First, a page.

"The world would be a much better place without partisanship," she says. But she is protective of Bill's reputation and says that when he retires, she might run for his seat if she doesn't like the candidates.

"I don't have a lot of political knowledge and I don't know much about the system. But I think I would be better than a lot of these people in state politics. I would do what's right for the people."

She is a Republican so she can vote for Bill in primary elections, but at least once she voted against him. In 1984, she voted for Democrat Robert Kent, a former wig salesman who changed his name from Ivan Korunek because he wanted a stronger name. He had little money and got trounced, but Beverly liked his honesty. She always prefers the underdog.

* * *

A few months ago, Beverly read that the Army was tightening its rules about when wounded soldiers could accept donations.

She was outraged. She feared the crackdown would discourage donors and intimidate soldiers.

She sat down at her computer and fired off a letter to President Bush. It began, "My name is Beverly Young, wife of Chairman Bill Young of Florida. In my 20 years in Washington I honestly believed there was nothing more that could shock me, but I was wrong."

A White House aide wrote back to say that the Pentagon would look into Beverly's complaints.

Her letter violated an unspoken rule for congressional wives, that they are to be seen and not heard. But Beverly didn't care. She was furious that an Army official would try to restrict donations.

"Why the hell did some idiot make that stupid comment and put it in the paper?" she told a reporter. "It has scared the wounded."

The Army insisted the rules were not discouraging anyone and that soldiers were still getting donations swiftly. But Beverly didn't believe it.

"F--- that!" she later said. "Print that: F--- that! These kids ought to be able to get anything they want from a grateful American."

Because of her complaints, Congress is changing the law.

* * *

Marine Lance Cpl. Josh Callihan was shot four times in the back in a training exercise. The bullets hit his spinal cord, leaving him partially paralyzed.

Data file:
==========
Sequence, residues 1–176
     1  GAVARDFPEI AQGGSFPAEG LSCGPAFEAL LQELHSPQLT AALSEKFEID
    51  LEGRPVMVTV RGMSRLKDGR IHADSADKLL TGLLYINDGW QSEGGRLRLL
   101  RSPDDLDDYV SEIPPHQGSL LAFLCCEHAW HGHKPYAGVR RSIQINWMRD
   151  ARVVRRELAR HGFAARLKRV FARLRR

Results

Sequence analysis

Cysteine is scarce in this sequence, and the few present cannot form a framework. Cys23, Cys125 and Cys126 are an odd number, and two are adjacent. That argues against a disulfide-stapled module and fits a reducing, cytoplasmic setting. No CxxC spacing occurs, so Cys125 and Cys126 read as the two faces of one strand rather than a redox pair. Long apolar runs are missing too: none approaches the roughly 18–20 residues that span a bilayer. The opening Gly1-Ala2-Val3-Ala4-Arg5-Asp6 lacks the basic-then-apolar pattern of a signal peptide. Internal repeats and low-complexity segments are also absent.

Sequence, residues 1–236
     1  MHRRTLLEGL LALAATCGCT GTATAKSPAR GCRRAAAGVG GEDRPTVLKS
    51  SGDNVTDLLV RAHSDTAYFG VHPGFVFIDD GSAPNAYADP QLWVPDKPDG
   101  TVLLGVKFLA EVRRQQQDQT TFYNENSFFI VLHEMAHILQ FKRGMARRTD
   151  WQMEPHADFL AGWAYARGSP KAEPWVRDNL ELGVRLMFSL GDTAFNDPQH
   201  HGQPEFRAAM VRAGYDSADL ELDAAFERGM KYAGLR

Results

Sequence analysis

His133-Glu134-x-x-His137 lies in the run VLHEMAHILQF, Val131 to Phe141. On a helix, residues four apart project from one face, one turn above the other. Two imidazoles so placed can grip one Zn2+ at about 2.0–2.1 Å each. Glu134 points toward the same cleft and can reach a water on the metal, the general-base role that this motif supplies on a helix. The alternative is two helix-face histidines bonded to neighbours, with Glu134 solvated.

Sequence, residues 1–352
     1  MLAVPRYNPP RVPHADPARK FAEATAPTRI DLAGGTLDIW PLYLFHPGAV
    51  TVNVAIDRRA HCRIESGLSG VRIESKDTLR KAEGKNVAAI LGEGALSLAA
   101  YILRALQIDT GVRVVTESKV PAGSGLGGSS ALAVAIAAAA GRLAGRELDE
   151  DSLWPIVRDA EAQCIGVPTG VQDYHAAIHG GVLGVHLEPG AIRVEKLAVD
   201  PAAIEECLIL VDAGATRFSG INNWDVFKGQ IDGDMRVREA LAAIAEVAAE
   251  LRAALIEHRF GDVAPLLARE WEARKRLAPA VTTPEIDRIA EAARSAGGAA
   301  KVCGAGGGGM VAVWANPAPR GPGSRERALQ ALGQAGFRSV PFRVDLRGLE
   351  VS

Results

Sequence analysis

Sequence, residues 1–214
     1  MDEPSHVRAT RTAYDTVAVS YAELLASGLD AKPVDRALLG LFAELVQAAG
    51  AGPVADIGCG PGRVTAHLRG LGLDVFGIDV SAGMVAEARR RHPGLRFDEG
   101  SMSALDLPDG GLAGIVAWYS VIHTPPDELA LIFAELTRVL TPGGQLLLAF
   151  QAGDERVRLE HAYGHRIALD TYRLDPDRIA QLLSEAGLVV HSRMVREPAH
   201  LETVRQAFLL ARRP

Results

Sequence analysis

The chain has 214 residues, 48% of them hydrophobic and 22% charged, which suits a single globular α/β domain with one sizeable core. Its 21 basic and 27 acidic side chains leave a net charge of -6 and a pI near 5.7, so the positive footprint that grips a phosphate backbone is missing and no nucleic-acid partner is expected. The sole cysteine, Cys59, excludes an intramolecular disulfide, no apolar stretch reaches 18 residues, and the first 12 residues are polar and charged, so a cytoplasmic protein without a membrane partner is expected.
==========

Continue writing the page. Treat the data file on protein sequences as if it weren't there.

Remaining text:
When he heard the Youngs wanted to see him, he expected the usual political visit: a handshake, a few snapshots and they would be gone.

But the Youngs came every day. When his condition deteriorated, Bill and Beverly acted as his family, meeting with doctors, discussing treatments.

Callihan was so heavily medicated, he was a zombie. He stopped eating and simply sat in his bed, staring into space. Bill and Beverly conferred with his doctors, who said his prognosis was not good. They wanted to transfer him to the psychiatric ward.

Beverly broke into tears. She left the meeting and went to Callihan's bedside.

"You know something, Marine?" she whispered in his ear. "You are a damn disgrace. If you were a real Marine, you would just pull out of this. I will get Gen. Jones (the head of the Marine Corps) down here and we will kick your a-- if you don't get better."

It was as if someone flipped a switch inside him. Callihan came to life and started talking to Beverly. He did not have to go to the psych ward.

When Callihan recovered, Rep. Young hired him for his congressional office. When he needed a place to stay, Bill and Beverly let him live at their home.

Callihan, who now works for a congressman in his home state of Idaho, says Beverly's tough love was the spark he needed.

"It got me fired up," he says. "She was instrumental in me surviving. If it hadn't been for her, I would have literally fallen through the cracks."

--Washington bureau chief Bill Adair can be reached at adair@sptimes.com or 202 463-0575.